Thank Goodness I Ditched The Gluten!

Today’s guest post is from Court Tuttle, whom John and I met through a business coaching group a few years ago. Court found the gluten free diet through a somewhat unconventional path and we are happy to get to share his story with you.

For almost a decade of my life, my energy levels were completely erratic. I found it impossibly hard to fall asleep at night and impossibly hard to stay awake during the day.

There were many nights when I was up until 7:00 a.m. without even a hint of a sleepy feeling. I would still force myself out of bed at 9:00 a.m., afraid that sleeping in would cause another sleepless night. I would then stay awake all day, completely exhausted, only to be wide awake again the next night, completely unable to fall asleep.

Needless to say, it’s very difficult to function normally with sleep/energy issues like these.

How I Stumbled Across the Solution

Early in 2011, I started getting frustrated with my workouts at the gym. I was getting weaker for no reason. I finally decided to have myself tested for low testosterone. While I was at it, I tested my levels for estrogen, progesterone, and cortisol – all of which can interfere with the intake of testosterone into cells.

When the test came back, my testosterone was within normal range. However, my cortisol was not. It was four times higher than normal. I was honestly relieved. High cortisol explained a lot of things that were going on in my life, including my strength and energy level issues. I was hopeful that I could fix them.

There are a lot of things that can cause elevated cortisol so it took me a while to figure out what was going on. Caffeine contributes so I went cold turkey (I wasn’t drinking much at that point anyway). I learned that taking naps helps a lot, so I started taking them. Exercise helps, but I was already exercising regularly and had been for years.

I tried thing after thing until I read a book called Adrenal Fatigue by Dr. James L. Wilson. One of the chapters talked about how food allergies can cause issues with the adrenals (the adrenals produce cortisol). I had read about gluten sensitivities and leaky gut and had a sneaky suspicion that gluten might be causing my issues. I decided to ditch it as an experiment.

Amazingly, within a few days I was falling asleep at night and have been ever since. My strength at the gym was also restored. It honestly seemed like a miracle – a very quick miracle.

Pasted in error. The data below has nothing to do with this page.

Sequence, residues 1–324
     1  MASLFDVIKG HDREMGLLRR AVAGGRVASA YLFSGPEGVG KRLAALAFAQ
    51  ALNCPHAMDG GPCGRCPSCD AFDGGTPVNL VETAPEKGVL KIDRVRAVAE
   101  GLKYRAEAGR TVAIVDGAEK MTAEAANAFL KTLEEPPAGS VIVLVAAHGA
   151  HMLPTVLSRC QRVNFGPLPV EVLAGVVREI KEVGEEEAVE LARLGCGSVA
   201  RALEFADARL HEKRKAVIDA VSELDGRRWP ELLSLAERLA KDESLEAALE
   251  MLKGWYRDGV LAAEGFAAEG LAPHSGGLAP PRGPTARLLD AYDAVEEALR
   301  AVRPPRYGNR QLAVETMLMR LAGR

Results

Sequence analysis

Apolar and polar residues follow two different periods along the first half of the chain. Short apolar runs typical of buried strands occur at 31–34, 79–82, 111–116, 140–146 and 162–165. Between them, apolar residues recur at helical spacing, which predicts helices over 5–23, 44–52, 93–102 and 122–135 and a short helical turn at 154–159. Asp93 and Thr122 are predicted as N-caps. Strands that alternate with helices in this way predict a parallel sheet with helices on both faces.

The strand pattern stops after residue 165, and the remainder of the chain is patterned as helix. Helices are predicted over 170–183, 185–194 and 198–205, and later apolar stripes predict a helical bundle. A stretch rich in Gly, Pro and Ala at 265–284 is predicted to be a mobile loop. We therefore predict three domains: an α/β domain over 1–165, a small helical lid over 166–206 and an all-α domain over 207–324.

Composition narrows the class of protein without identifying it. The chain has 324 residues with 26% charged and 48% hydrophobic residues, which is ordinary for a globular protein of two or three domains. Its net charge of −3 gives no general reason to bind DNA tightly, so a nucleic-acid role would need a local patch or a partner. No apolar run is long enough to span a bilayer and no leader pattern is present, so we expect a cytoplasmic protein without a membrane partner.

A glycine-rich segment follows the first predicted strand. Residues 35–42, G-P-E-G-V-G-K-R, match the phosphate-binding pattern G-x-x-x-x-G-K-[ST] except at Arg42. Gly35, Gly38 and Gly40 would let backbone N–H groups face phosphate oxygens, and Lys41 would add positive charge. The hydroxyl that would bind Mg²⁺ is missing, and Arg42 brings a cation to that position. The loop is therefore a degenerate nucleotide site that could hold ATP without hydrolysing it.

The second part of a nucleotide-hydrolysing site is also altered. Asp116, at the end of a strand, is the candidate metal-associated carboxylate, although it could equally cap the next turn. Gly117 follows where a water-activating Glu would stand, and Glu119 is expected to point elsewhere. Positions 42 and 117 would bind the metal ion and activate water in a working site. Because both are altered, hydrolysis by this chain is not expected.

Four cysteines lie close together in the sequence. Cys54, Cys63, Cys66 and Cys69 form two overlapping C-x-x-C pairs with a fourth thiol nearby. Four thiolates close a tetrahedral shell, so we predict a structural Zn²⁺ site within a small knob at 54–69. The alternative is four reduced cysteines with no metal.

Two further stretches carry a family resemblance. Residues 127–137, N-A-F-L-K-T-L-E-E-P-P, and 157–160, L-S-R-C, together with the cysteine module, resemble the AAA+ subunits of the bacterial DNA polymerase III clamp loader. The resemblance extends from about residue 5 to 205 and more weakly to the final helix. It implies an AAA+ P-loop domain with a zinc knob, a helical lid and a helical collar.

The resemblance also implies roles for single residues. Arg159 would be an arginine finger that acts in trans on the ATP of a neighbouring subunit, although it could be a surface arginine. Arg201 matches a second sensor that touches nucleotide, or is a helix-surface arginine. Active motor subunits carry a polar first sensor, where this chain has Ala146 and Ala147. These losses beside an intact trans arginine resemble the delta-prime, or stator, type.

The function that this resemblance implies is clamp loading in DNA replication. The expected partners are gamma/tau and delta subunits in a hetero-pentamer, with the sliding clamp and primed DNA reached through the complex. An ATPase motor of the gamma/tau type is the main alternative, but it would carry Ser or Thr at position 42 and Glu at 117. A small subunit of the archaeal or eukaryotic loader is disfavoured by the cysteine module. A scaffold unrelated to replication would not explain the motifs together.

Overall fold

Learning to be Gluten Free

I was really excited to have ‘cured’ my cortisol issues but honestly, I didn’t understand fully what it would mean to live life without gluten. For a while it started to seem that gluten was in almost everything I ate.

I can now see that it isn’t necessarily harder to learn to eat foods without gluten, it’s just a different skill and like any skill, it has to be learned. I am completely satisfied with my new diet and wish I had found it a decade earlier. It’s easy now that I’ve adjusted to the switch.

For me, breakfast was the hardest and it seems like that would be the case for most people. I now eat a few eggs with some protein like chicken, turkey, or lean ground beef for breakfast. If I want something sweet, I add some strawberries or half a grapefruit. After a few days of switching to this for breakfast, I became completely satisfied with it. In fact, now I crave it for breakfast and don’t want anything else.

Most of my other meals consist mainly of lean meats, fruits, vegetables, and healthy fats like olives and avocados. I have just recently started to learn how to actually cook gluten-free meals like gluten-free pancakes, etc. I was stoked when I learned about the Gluten Free Cooking School. I’ve need a resource like this for the last year.

Healthy Side Effects

Ditching gluten has had a few unintended side effects. For one, my body started losing a lot more fat with a lot less exercise. Since I’m in the business of helping people to lose fat and get in better shape (at The Skinny School), this was a huge plus. Gluten was really inflammatory for me and on top of that, the cortisol added to my belly fat levels. It does this to most people.